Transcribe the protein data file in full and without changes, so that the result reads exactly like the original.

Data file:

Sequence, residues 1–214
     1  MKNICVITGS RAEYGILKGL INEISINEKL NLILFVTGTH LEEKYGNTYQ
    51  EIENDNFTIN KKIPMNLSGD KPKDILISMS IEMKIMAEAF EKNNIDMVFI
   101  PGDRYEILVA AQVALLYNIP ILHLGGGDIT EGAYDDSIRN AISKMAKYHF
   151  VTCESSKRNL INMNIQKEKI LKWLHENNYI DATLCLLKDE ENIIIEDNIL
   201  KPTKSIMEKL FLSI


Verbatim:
Sequence, residues 1–214
     1  MKNICVITGS RAEYGILKGL INEISINEKL NLILFVTGTH LEEKYGNTYQ
    51  EIENDNFTIN KKIPMNLSGD KPKDILISMS IEMKIMAEAF EKNNIDMVFI
   101  PGDRYEILVA AQVALLYNIP ILHLGGGDIT EGAYDDSIRN AISKMAKYHF
   151  VTCESSKRNL INMNIQKEKI LKWLHENNYI DATLCLLKDE ENIIIEDNIL
   201  KPTKSIMEKL FLSI